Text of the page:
Man on the Dump

I don’t really like doing blog entries like these, but I’ve got more than seventy tabs open on my browser–excluding this one!–so I really need to unload some links here. This blatter of grackles certainly needs a place:

  1. The University of California Press has made a lot of their 1982-2004 publications available online. This link to the general list has Christopher Beach’s excellent ABC of Influence: Ezra Pound and the Remaking of American Poetic Tradition at the top. Unfortunately, not everything is accessible outside UC campuses; to cite one particular disappointment, Charles Olson’s Collected Prose is inaccessible where I am.
  2. If the first link was about digitizing books that first appeared in print, Electronic Literature Collection, Volume 2 is digital literature from the get-go. It’s a resource so rich I almost feel like weeping at the site sight of it. There’s only one item there I’m familiar with, which I highly recommend: Michael Mateas and Andrew Stern’s compelling Façade. (From the 2006 archive, here’s “Star Wars, One Letter At A Time.”)
  3. I’ve already posted “Great Gatsbys” from Hark! A Vagrant on my Facebook wall, but here, I’ll throw in instead a three-part series derived from Nancy Drew covers. As someone who absolutely adores Kelly Link’s “The Girl Detective,” you can imagine how much I enjoyed cartoonist Karen Beaton’s work.
  4. I want to read Stephen Burt‘s Close Calls With Nonsense, but I’m very pleased that its title essay, which is about “how to read, and perhaps enjoy, very new poetry,” is available online. It should be said though that the online version is of 2004 vintage, so one needs to adjust one’s expectations with regard to the use of the term “very new poetry.”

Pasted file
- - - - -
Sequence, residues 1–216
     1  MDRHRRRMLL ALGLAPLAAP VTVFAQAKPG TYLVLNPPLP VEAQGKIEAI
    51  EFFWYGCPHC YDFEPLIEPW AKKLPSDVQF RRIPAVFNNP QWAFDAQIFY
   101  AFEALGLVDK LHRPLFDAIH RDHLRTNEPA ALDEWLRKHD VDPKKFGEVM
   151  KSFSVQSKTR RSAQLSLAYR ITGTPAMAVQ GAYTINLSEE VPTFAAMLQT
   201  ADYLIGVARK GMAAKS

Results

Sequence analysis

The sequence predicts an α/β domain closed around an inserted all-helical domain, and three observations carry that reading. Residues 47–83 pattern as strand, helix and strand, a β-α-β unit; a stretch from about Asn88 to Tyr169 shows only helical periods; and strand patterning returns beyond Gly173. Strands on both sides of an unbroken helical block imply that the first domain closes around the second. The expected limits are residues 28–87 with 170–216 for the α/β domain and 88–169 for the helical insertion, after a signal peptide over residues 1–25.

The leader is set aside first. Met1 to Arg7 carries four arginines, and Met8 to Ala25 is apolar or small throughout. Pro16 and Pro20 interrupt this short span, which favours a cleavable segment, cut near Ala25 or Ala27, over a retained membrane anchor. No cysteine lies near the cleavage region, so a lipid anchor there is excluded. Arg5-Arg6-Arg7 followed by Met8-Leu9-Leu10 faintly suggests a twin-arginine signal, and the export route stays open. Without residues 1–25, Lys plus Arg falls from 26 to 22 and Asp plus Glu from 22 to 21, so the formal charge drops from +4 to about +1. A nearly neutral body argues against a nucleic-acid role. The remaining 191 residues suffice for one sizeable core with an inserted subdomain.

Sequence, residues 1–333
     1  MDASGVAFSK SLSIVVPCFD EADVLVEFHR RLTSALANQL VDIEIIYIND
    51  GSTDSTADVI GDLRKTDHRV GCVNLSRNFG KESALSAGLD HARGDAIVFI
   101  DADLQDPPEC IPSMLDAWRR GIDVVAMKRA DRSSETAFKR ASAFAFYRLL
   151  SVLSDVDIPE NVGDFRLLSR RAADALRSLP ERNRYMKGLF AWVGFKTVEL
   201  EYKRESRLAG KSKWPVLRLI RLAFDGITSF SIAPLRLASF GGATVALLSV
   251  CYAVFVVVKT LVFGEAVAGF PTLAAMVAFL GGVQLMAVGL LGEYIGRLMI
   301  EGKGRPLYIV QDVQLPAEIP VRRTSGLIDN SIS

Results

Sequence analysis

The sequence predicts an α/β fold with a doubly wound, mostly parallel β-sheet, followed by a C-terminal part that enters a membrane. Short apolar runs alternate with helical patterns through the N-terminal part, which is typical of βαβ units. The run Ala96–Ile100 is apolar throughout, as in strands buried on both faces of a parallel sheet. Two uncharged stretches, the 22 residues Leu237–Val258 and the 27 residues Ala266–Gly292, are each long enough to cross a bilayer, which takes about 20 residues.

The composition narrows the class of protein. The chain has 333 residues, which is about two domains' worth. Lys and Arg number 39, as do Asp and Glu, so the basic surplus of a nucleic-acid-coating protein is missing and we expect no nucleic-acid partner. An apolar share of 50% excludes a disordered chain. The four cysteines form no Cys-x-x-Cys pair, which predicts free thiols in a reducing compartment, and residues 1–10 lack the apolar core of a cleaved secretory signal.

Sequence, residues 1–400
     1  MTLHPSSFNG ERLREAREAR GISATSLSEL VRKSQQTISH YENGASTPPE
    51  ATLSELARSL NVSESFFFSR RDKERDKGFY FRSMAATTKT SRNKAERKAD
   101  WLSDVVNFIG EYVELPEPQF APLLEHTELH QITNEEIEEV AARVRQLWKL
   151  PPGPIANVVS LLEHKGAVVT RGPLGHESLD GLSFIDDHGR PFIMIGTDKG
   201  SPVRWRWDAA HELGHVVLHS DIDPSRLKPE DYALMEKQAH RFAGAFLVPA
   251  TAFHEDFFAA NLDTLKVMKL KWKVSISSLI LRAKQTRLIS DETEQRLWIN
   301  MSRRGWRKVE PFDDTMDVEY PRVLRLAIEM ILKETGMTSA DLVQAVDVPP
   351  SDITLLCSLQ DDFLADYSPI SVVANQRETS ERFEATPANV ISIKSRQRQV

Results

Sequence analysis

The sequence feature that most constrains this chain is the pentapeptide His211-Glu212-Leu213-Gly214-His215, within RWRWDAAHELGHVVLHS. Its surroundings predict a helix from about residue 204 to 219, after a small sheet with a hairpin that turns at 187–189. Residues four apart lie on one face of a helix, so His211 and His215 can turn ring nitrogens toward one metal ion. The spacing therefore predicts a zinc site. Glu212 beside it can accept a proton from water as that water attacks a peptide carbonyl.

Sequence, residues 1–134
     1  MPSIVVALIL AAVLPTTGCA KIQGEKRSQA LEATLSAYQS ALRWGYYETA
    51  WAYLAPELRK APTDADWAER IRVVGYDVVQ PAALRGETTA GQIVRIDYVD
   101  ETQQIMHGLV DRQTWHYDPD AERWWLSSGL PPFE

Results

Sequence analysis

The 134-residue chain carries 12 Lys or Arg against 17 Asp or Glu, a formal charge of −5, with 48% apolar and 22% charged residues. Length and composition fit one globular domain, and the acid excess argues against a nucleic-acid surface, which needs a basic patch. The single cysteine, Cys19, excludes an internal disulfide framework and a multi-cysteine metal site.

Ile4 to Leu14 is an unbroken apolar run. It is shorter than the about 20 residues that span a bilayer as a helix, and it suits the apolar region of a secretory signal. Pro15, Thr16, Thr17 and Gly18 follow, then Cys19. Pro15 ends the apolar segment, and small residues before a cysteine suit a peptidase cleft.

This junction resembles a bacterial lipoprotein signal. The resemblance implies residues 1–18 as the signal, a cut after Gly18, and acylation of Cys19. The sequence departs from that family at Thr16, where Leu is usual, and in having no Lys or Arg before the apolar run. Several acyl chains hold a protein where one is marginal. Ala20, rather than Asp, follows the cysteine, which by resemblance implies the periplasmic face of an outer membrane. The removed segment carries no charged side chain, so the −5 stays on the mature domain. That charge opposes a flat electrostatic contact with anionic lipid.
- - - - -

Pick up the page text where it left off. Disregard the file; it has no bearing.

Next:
5. For another take on 20th-century poetry, which may still be applied to much of the work done now in our 21st century, here’s an essay I’ve always enjoyed reading: “Parentheses and Ambiguity in Poetry of the Twentieth Century.” Choice quote: “The parenthesis in poetry might be better termed ‘par-antithesis’ for it expresses, through being the private space for a poet’s thoughts, a tangential movement to the rest of the poem, even whilst being integrated in it.”
  6. Mary Ruefle’s “On Erasure” contains fresh takes on what is becoming a somewhat common though still marginalized approach to poetry, but she comes up with a fresh take that begins with an anecdote of mishearing, includes a distinction between writing a poem and making poetry, and a conclusion pointing to erasure as “part of our lives.” That sounds irredeemably cheesy, but her Fernando Pessoa epigraph hints at what she means: “Everything stated or expressed by man is a note in the margin of a completely erased text.” (That sounds almost Heidegerrian, doesn’t it? But then, I would think so.)